Deben Bhattacharya

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Deben Bhattacharya (1921–2001) was a Bengali radio producer, record producer, ethnomusicologist, anthropologist, documentary filmmaker, photographer, translator, poet, writer, broadcaster, lecturer, and folk music consultant. He produced over 100 records, 23 films and published more than a dozen books in his lifetime and much of his work was carried out under the auspices of UNESCO.[1]

Early career[edit]

Bhattacharya was born to an old Bengali Brahmin family that was settled in Benares for over 130 years. As a young man, he was influenced by the work of English poet Lewis Thompson, which prompted him to move to England, where he worked for the BBC as a radio producer. Knowing a lot of Indians in London, he started to record Indian musicians on a Baird tape recorder. When Bhattacharya had the idea to do field recordings in India, he was met with a financial dilemma of needing £80 for the tape recorder, £20 for the transformer, £25 for 20 blank tapes, plus about £60 for a one way boat ticket to Bombay. Sunday Wilson – a producer for the overseas service, commissioned him for six five-minute programmes, which garnered £30.6.0. Weeks after that, the poet Stephen Spender, who had started his new magazine 'Encounter', approached Bhattacharya to write an article on Indian poetry and advance him on two further articles. Argo Records also advanced £25 and paid for the Gaumont-British machine, and the tapes against future royalties. He returned with enough material to make four or five records, and one of them was published, called "Songs from Bombay". This led to a trip through the Middle East, recording music in every country, as well as other projects.[2]

Career[edit]

Bhattacharya continued to earn international recognition as an expert on ethnic folk music, dance and poetry and was employed to help teach ethnic music and bring ethnic musicians to Sweden. Living for periods of time in London and Stockholm he began making films in 1962 when his BBC Third Programme producer, Robert Leighton, introduced him to David Attenborough, who was then an executive at BBC Television. When Bhattacharya told him that he would be going to India with an experienced cameraman, Attenborough offered him £1,000 to help with his expenses. Upon his return, the BBC edited the material into two films: ‘Kathakali', the classical dance drama of South India, and 'Storytellers from Rajastan'. Following this, Swedish Television gave him money to make a film in Hungary. This led to film making in Romania, Tibet, China, Bangladesh, Nepal and many other countries. Towards the end of his career, Bhattacharya had archived over 16,000 photographs related to his various projects.[3]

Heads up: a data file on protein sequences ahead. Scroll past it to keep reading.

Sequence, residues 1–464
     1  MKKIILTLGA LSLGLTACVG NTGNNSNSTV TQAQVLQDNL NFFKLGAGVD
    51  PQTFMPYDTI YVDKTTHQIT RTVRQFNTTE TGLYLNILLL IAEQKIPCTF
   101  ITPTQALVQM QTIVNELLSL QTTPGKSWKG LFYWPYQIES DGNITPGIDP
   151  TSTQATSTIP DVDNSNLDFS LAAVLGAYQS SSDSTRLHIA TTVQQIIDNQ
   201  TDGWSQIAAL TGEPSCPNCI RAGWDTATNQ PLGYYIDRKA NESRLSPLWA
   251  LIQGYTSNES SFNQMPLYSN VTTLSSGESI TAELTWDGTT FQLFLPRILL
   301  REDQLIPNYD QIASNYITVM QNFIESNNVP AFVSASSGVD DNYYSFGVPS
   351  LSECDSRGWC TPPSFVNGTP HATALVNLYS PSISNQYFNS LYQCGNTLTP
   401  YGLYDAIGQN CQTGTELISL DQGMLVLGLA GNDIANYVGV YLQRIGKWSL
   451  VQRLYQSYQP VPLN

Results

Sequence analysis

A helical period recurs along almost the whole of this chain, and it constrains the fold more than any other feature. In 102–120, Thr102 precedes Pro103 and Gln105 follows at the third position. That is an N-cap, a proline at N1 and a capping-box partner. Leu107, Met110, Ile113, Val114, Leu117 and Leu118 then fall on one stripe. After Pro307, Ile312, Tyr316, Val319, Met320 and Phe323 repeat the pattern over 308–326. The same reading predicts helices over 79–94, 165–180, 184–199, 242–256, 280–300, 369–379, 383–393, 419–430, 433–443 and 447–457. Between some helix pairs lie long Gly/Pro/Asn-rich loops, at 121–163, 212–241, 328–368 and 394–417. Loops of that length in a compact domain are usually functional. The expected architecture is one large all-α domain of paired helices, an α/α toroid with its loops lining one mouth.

Partial filmography[edit]

  • Waves of Joy: Anandalahari – Director
  • The Cosmic Dance of Shiva – Director
  • The Chanting Lama – Director
  • Silk and Strings: Taiwan – Director
  • Raga – Director
  • Painted Ballad of India – Director
  • Krishna in Spring – Director
  • Jesus and the Fisherman – Director
  • Faces of the Forest: The Santals of West Bengal – Director
  • Echoes from Tibet – Director
  • Buddha and the Rice-Planters – Director
  • Chinese Opera – Director (1983)
  • Land of Smiles: Thailand – Director (1973)
  • Bali: Isles of Temples – Director (1973)
  • Ecstatic Circle: Turkey – Director (1972)
  • Adaptable Kingdom: Music and Dance in Nepal – Director (1972)[4]

Partial discography[edit]

  • Music on the Desert Road: A Sound Travelogue by Deben Bhattacharya – Angel 35515, recorded 1955
  • Bedouins of the Middle East 1955–60 – ARC Music
  • Sounds of West Sahara: Mauritania – ARC Music
  • Maqams of Syria – ARC Music
  • River Songs of Bangladesh – ARC Music
  • Unknown Artist – Treasures in Sound – India UA International, 1967
  • Classical Ragas of India (Limelight Records)
  • Inde – Musique populaire du Rajasthan (Music from the Indian Desert), Disques OCORA, OCR 47, recorded January 1968
  • The Living Tradition Music From Turkey – Argo Records, 1968
  • The Living Tradition Music From Iran – Argo, 1971
  • The Living Tradition – Songs of Krishna – Argo, 1971
  • The Living Tradition Music From Bangladesh – Argo, 1972
  • The Living Tradition – Songs And Dances From Macedonia – Argo, 1972
  • Various – Folkmusik Från Rumänien – Caprice Records 1972
  • 2 Ragas – Sveriges Radio
  • Musique Folklorique Du Monde: Yougoslavie – Musidisc
  • Musique Folklorique Du Monde: Iran – Musidisc
  • Various – Sacred Temple Music Of Tibet – ARC Music 1998

Books[edit]

  • Songs Of The Qawals Of India: Islamic Lyrics Of Love And
  • Songs Of The Bards Of Bengal
  • Love Songs of Vidyapati

References[edit]

  1. ^ Liner notes, Argo LP ZFB 52 "Songs of Krishna", 1971.
  2. ^ "Deben Bhattacharya interviewed by Kevin Daly". www.kevindaly.org.uk. Retrieved 17 February 2011. 
  3. ^ Music According to Deben Bhattacharya, A film by Stéphane Jourdain.
  4. ^ "Deben Bhattacharya filmography". www.allmovie.com. Retrieved 17 February 2011. 

External links[edit]